[Pdns-users] Small site backend recommendations
spork at bway.net
Sat May 21 04:27:31 UTC 2011
On Thu, 12 May 2011, ktm at rice.edu wrote:
> On Thu, May 12, 2011 at 03:37:24AM -0400, Charles Sprickman wrote:
>> We've been using the PDNS recursor for some time now and have been quite
>> happy with it. It replaced dnscache and has proven to perform much better.
>> We're now looking at moving away from tinydns, mainly to get IPv6
>> support without patching and to get started with DNSSEC. I don't see us
>> with more than a few thousand zones anytime soon, and we aren't looking
>> at anything above 1000 qps (across three servers) anytime soon.
>> I'm not sure I completely understand the PowerDNS philosophy quite yet,
>> but it looks like BCP is to run a db server on each name server
>> (postgres or mysql). This feels a little too heavyweight for us. What
>> might be some interesting options? Would something like one master with
>> a "real" db backend (in our case PostgreSQL) and then two slaves running
>> SQLite work well? Is there anything "lighter" than SQLite that we could
>> stick on the slaves? Is the SQLite backend well-supported?
>> Any pointers greatly appreciated. We are committed to a database-backed
>> DNS server (we currently have a script that dumps db data to a tinydns
>> data file), and there do not seem to be that many actively-developed
>> options out there...
> Hi Charles,
> The advantages to having a db for each server is redundancy. A single
> server can easily serve 10X you expected load on a single box. I addition
> using db replication to move the updates around provides for a much more
> real-time process across all of your systems.
I do understand the general concept, but going from scp'ing a tiny .cdb
file around to running a full-blown PostgreSQL instance on each nameserver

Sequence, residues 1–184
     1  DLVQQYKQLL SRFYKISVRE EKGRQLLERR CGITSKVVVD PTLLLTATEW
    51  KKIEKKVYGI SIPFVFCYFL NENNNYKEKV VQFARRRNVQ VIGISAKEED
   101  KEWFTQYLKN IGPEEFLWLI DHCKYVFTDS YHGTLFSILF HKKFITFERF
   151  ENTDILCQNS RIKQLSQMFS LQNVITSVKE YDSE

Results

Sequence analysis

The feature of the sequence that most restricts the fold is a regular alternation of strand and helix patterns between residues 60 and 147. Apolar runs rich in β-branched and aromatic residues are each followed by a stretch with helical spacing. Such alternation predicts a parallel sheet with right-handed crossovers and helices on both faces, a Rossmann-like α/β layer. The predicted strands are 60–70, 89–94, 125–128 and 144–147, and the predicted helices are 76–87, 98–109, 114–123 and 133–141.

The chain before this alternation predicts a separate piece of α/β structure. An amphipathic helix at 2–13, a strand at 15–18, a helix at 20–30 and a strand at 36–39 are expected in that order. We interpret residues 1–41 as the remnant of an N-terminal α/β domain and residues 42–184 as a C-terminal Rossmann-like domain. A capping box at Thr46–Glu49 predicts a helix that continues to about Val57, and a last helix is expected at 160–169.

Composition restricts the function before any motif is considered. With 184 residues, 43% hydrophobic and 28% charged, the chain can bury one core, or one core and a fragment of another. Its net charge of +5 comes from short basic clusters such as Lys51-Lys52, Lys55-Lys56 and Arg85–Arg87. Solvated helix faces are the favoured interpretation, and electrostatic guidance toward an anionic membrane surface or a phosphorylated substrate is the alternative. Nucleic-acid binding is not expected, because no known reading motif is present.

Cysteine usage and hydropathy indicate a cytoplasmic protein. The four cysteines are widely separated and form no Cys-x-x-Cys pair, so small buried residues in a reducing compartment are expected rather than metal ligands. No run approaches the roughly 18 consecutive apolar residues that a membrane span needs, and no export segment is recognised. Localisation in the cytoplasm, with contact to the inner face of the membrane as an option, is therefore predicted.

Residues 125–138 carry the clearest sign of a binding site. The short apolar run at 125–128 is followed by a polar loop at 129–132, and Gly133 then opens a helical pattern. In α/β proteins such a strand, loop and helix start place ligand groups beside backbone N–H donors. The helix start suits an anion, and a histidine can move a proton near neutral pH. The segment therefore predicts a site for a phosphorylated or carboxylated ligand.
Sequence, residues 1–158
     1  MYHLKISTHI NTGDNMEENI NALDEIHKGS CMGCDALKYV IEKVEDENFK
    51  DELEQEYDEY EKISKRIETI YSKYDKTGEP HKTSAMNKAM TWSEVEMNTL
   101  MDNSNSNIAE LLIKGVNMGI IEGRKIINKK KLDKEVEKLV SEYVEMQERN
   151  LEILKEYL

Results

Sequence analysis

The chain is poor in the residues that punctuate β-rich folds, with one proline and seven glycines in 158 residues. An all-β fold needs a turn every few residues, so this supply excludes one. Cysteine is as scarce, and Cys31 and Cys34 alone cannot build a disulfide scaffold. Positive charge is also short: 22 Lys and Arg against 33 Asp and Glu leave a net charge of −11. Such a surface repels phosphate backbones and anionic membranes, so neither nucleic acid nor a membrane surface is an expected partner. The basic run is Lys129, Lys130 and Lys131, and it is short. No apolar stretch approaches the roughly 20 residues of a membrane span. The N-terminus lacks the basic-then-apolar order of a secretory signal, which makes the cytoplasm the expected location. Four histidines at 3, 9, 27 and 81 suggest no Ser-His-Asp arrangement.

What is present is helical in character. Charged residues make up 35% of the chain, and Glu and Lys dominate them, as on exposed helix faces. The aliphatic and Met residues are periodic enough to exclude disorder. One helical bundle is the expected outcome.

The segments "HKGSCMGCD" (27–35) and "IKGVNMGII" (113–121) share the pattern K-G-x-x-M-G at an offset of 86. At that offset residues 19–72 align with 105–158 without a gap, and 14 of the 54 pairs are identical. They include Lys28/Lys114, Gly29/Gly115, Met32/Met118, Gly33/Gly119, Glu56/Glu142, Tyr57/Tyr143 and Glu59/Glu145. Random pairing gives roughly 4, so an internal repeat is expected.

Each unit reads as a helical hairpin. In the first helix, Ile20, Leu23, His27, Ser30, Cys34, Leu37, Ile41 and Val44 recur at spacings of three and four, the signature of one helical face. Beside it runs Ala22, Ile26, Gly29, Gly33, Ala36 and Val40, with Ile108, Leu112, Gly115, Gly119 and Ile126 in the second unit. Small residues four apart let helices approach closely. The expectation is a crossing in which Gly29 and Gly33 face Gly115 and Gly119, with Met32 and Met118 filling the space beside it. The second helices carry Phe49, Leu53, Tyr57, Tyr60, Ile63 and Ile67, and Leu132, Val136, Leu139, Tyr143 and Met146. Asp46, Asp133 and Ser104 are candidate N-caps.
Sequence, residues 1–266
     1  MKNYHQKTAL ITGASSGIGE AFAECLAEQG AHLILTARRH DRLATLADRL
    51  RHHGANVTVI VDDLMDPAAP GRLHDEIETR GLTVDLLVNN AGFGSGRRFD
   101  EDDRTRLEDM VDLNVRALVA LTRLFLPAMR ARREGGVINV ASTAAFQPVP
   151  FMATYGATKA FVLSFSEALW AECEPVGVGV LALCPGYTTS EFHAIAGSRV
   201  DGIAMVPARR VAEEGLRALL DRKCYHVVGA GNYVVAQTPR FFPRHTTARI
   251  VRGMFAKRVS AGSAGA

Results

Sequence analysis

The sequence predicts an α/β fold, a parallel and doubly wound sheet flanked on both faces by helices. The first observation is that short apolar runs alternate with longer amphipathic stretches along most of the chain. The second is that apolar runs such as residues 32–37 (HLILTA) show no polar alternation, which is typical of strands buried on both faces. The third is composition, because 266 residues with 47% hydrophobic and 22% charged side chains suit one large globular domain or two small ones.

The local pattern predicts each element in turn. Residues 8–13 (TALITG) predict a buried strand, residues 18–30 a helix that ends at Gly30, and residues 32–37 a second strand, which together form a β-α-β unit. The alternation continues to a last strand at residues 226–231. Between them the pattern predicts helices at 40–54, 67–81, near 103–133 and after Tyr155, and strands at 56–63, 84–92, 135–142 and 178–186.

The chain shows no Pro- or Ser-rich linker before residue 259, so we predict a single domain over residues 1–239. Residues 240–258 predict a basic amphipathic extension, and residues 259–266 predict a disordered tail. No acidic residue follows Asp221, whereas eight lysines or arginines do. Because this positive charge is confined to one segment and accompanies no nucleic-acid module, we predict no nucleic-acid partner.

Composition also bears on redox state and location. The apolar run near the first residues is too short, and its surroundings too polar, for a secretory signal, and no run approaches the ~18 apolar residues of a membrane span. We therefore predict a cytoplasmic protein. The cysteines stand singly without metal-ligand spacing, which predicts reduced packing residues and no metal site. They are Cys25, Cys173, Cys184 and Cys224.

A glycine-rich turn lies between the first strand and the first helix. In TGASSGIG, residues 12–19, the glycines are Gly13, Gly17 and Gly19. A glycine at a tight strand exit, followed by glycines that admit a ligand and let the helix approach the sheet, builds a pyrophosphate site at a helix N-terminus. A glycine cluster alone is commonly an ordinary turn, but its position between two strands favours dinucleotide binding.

just feels a little bit too "heavy" for us. SQLite is certainly a little
simpler and less resource-intensive.
I've been running through the docs again, and I'm finding there's a bit of
a lack of "best common practices" sort of information. So what I'd really
like to get some feedback on is whether the following should work
properly, especially given the (comparatively) small number of queries
we'll be serving:
-One server as master/supermaster that is backed with gpgsql backend that
will be where all records are added/deleted/changed. This may also be a
"hidden" master at some point as we change our general provisioning setup.
-Two servers as slaves using the gsqlite3 backend.
If I've understood the documentation correctly this should (at least in
theory) work. We add a zone on the supermaster and the slaves, even
though they are running a different backend, will be notified of the new
zone and fetch it via axfr. Changes in existing zones are also fetched
My only concerns after looking at the docs is whether the gsqlite3 backend
is thoroughly tested and whether using traditional master/slave and axfr
will lead to any issues with the servers being out of sync with each other
(since it seems most pdns installations are larger and have gone with a
full-blown db w/replication for each server).
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